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Arguably the most popular driver in American motorsports history, Dale Earnhardt Sr. won 76 NASCAR Cup Series races throughout his career, currently good for eighth on the all-time list.

Ten of those 76 came at famed Talladega Superspeedway, including the final Cup Series victory of his illustrious career in October 2000, a mere four months and three days before his tragic death at the 2001 Daytona 500. The win was one of the most dramatic of his career and arguably the most impressive.

And even more than 20 years later, it’s still hard to believe he managed to pull it off, given his position near the end of the race.

Dale Earnhardt Sr. won the 2000 Winston 500 at Talladega Superspeedway despite being in 18th place with four laps to go

Dale Earnhardt Sr. ahead of Dale Earnhardt Jr. and Jeff Gordon at Talladega Superspeedway in October 2000
Dale Earnhardt Sr. drives ahead of Dale Earnhardt Jr. and Jeff Gordon at the 2000 NASCAR Cup Series Winston 500 at Talladega Superspeedway | ISC Archives/CQ-Roll Call Group via Getty Images

Despite having just one victory to his credit during the 2000 NASCAR Cup Series season leading into the Winston 500 at Talladega, Dale Earnhardt Sr. was having a solid campaign. Including his victory early in the year in Atlanta, the “Man in Black” had recorded 21 top-10 finishes through 29 races, including a runner-up just two weeks earlier in Martinsville.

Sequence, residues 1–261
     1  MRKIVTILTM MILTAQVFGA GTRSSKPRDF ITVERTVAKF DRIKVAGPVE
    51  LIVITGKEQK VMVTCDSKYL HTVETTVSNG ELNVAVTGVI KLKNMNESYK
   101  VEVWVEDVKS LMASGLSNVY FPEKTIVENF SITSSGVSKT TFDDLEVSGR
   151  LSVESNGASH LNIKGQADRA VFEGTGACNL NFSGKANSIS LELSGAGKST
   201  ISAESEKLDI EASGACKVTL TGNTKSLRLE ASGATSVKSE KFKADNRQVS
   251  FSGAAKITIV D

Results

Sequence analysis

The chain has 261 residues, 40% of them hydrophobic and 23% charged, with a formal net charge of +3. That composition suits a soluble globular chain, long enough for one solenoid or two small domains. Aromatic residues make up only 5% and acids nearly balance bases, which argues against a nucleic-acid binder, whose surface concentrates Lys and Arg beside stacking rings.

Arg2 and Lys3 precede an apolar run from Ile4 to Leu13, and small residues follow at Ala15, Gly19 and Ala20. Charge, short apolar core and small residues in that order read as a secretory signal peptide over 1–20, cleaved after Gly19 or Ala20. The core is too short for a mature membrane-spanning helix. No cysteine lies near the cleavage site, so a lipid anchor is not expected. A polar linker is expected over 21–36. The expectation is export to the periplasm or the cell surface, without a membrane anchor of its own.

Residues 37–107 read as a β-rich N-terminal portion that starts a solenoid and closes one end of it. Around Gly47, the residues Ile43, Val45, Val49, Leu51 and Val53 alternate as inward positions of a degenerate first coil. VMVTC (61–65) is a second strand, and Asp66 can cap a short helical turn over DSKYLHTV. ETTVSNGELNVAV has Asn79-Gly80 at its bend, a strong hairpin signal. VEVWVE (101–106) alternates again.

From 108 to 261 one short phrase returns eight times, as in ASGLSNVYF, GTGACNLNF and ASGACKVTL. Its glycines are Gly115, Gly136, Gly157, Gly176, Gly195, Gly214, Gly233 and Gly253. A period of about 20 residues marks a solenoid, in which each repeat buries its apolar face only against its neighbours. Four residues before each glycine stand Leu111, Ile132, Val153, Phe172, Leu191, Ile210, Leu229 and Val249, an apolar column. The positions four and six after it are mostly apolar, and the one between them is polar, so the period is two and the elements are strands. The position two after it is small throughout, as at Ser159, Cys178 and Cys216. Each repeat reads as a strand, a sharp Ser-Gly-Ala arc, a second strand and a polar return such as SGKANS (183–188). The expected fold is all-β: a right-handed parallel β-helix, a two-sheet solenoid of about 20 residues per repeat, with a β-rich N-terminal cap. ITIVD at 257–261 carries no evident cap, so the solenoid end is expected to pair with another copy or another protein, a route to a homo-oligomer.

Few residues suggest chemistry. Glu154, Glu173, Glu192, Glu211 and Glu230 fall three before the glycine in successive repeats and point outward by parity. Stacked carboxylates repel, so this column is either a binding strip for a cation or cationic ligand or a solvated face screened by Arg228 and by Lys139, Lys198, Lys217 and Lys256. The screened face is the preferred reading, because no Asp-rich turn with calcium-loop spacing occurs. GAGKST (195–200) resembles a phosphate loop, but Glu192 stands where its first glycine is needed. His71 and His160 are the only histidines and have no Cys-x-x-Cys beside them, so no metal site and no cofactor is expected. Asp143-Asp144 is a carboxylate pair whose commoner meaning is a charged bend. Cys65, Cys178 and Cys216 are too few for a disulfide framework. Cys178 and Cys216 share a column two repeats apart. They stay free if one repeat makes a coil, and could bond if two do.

However, Earnhardt started the day in 20th position in the 43-driver field on the 2.66-mile oval. In his first full season in the NASCAR Cup Series, Dale Earnhardt Jr. began the race 17 spots ahead of his father in third following a fantastic qualifying run.

Overall, the 188-lap race was pretty clean as only 13 laps were run under the caution flag. The green flag was actually out for the first 104 laps until the No. 71 Chevy driven by Dave Marcis stalled in Turn 4 of lap 105.

In total, 21 different drivers held the lead for at least one lap, marking just the second time in NASCAR Cup Series history that essentially half the field led the race at one point or another.

Dale Jr. was one of those 21 as he ran a fantastic race. He led 28 laps total and was out in front of the pack with four laps to go. However, Earnhardt Sr. was stuck back in 18th place and hopes of winning a second race of the season seemed lost.

Racing at speeds over 190 miles per hour and running five-wide with three laps remaining, numerous drivers were in contention down the stretch but had no idea of the magic that was about to happen.

Somehow, Dale Sr. bobbed and weaved his famous No. 3 through the pack and passed all 17 cars in front of him, including Earnhardt Jr.’s No. 8, to take the lead into the final lap. With now-defunct Andy Petree Racing teammates Kenny Wallace and Joe Nemechek right behind him in the second and third spots, respectively, Earnhardt Sr. managed to stay out in front and held on for his 10th career win at Talladega. He crossed the finish line 0.119 seconds ahead of Wallace.

The victory also put an extra $1 million in Dale Sr.’s pocket as he claimed the Winston No Bull bonus cash in addition to his earnings for winning the race. Dale Jr., who got loose and hit the apron as his dad took the lead, dropped back to finish 14th.

Earnhardt Sr. notched two more top-10 finishes in the season’s final four races and finished second in the points standings behind four-time winner Bobby Labonte.

As “The Intimidator” got to the front of the pack that glorious day at Talladega, future NASCAR Hall of Famer Benny Parsons remarked on the ESPN broadcast how he couldn’t understand how Earnhardt Sr. had just done what he did.

And more than two decades later, it’s still hard to believe.

Stats courtesy of Racing Reference


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